Indian industrialist Jamnalal: the man behind the legendary ‘Bajaj’ vehicles
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Karl Lyimo
Typography

THE Indian industrialistcum- philanthropist behind the seemingly ubiquitous ‘Bajaj’ motor vehicles across the globe, JAMNALAL BAJAJ, died at the tender age of 57 on February 11, 1942.

But his legacy in the road motor transport stakes is phenomenal… Born on November 4, 1884, Jamnalal founded the Bajaj Group of Companies in Year-1926. Today, the Group boasts 24 companies, with six of them – including Bajaj Auto Ltd, Bajaj Electricals Ltd, and Bajaj Hindusthan Ltd – listed with some of the world’s renown Stock Exchanges.

Undoubtedly, my esteemed readers are today familiar with three-wheeler vehicles popularly known as ‘Bajaj’ that ply metropolitan streets, weaving in and out of traffic jams as they ‘easily struggle’ to move commuters and cooked food mammies from Points A, B, C, etc to Points D, E, F, etc… Well, squarely behind the contraptions was Jamnalal Bajaj who, on Nov. 29, 1945, added ‘Bajaj Auto Ltd’ to his ‘Bajaj Group of Companies,’ based in Pune, India.

Manufacturing ‘Bajaj’ motorcycles, auto rickshaws, cars – and, of course, threewheelers – ‘Bajaj Auto’ netted 530m US dollars out of 3.4bn US dollars in gross revenues in FY-2015/16, with around 9,100 employees!

Ranked the world’s largest three-wheeler manufacturer – followed by ‘Piaggio’ of Italyand ‘Mahindra & Mahindra,’ also of India [See Deccan Chronicle; March 15, 2016] – Bajaj Auto is India’s 23rd largest publiclytraded company by market value (Market capitalisation) in May 2015: 9.5bn US dollars.

It was ranked at Number- 1,416 on the Forbes Global-2000 List for Year- 2012! Oh, there’s much that’s interesting on ‘Bajaj’ – both the person and the machines! Suffice it here to say that – although ‘Mister Bajaj’ died relatively young: at only 57 years – the man did wonders not only for his country India, but also for the wider world, both as an industrialist and as a philanthropist. [Just go to ; Wikipedia, etc, for the juicy details].

Talking of ‘Bajaj’ vehicles, the other day I stumbled upon some pieces I’d penned in the past on the ubiquitous little motorised gremlins – and which were graciously published in assorted newspapers.

One, for example – published in ‘The Citizen- Tanzania’ on September 24, 2008 – was titled ‘Passing up the Shangingi for a Tuk-Tuk needs heart!’ This brazenly challenged the Government of the Day to take a Leaf out of the Book of the late President of Burkina Faso [‘The Land of Upright People’], Thomas Isidore Noël Sankara (1949- 87).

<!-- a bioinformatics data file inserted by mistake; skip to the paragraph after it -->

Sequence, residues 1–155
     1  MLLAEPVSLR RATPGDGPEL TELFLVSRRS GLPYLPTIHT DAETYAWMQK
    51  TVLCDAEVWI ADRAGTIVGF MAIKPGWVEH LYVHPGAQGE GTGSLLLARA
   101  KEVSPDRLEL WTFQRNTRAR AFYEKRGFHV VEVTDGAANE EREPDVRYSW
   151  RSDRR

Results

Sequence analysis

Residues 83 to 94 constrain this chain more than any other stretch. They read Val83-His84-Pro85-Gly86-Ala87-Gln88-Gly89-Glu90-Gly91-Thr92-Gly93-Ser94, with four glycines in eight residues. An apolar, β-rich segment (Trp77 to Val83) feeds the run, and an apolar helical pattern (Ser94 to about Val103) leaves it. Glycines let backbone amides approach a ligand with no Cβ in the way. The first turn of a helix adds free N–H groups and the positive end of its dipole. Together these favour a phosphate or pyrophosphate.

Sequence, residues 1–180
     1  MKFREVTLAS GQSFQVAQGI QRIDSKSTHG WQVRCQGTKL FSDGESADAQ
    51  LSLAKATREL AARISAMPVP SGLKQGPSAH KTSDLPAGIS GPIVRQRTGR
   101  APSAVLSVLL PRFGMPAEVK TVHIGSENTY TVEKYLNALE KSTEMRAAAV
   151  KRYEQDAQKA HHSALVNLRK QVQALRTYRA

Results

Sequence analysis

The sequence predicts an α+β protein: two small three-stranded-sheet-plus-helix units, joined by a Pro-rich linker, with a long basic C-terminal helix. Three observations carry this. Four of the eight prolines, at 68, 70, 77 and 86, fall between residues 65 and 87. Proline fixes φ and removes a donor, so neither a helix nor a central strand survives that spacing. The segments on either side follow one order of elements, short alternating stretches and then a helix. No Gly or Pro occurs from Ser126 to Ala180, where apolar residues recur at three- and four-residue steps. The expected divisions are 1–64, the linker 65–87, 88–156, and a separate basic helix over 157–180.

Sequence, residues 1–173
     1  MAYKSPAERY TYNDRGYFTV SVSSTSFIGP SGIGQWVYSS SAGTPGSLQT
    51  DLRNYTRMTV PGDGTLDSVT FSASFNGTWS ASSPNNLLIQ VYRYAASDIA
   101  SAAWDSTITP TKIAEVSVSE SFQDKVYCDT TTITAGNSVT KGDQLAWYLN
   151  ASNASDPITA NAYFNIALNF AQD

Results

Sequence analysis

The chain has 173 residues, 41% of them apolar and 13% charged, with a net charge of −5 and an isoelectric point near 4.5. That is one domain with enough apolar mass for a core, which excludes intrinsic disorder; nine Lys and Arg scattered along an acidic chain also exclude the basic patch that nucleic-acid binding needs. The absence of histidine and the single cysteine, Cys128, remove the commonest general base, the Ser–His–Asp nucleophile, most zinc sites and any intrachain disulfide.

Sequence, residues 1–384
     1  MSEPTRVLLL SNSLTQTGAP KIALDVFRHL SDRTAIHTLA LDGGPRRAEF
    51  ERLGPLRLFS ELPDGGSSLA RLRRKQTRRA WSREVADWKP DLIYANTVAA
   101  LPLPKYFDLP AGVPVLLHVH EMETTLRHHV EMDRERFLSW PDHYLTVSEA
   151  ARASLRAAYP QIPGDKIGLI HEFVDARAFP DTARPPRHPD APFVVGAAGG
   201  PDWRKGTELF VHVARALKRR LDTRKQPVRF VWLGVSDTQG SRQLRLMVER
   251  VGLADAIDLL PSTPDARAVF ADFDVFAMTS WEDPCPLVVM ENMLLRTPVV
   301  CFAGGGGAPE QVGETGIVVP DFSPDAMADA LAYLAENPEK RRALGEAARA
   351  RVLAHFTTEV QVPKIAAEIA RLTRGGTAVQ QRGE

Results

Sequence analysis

A Military Captain, Marxist Revolutionary, pan- Africanist Theorist and President of Burkina Faso from 1983 to his assassination on October 15, 1987, Sankara sold most of the government fleet of ‘Mercedes Benz’ vehicles in 1984, and ‘ordained’ the ‘Renault-5’ (the cheapest car sold in Burkina Faso at that time) the official service car of government. Ministers and other principal officials! In that article, I ‘invited’ the Tanzania Government to do likewise.

Just imagine the savings that the country would make if it sold off even three-quarters of the 40,000 ‘official’ 4-wheel-drive vehicles (‘ma-Shangingi’) that ply urban tarmac roads 99.9 percent of their service life, rarely going ‘off-road!’ Indeed, I’m not saying that ‘Dodoma’ should go for ‘Bajaj’ tuk-tuks instead… NO, Sir – and Madam, to be politically correct!

It needs madness to do that… As President Sankara postulated at an August 21, 1983 Press Conference in Ouagadougou: “You can’t carry out fundamental change without a certain amount of madness! In this case, it comes from nonconformity: the courage to turn your back on the old formulas; the courage to invent the future... We must dare to invent the future!”

‘Bajaj’ vehicles may be good in terms of purchase price, running and maintenance costs, as well as being the/an answer (of sorts) to heavily-congested carriageways – in the latter case: easily weaving in and out of traffic lanes, and even onto road pavements and footpaths!

But, then again the twinstroke- engined little monsters are a bane on the Environment – just as much as their bigger cousins, especially the diesel-engined, black smoke-spewing ma- Shangingi, are major environment polluters! Indeed, modernising engine technologies could reduce the environmental shortcomings. But, perhaps the only major way of saving on energy is to go for smaller, more economical engines, not more and more of the road-hugging behemoths!

But, change is inevitable, as Sankara hinted. A few years ago, the Bajaj taxi/hire business was illegal in Tanzania – and, therefore, untaxed. When it was clear that it was a booming business, the ‘little things’ were countenanced, legalised, licensed and (hopefully) taxed!

All that notwithstanding, however, some authorities – as well as business rivals like car-hire and commuter bus operators – still look askance at Bajaj and ‘boda boda’ motorcycle hire service providers! Tanzania needs to rationalise the related issues so as to arrive at pragmatic and efficacious modalities.

Anyway: Cheers, Jamnalal Bajaj and the others – wherever you might now be

! [This email address is being protected from spambots. You need JavaScript enabled to view it.].

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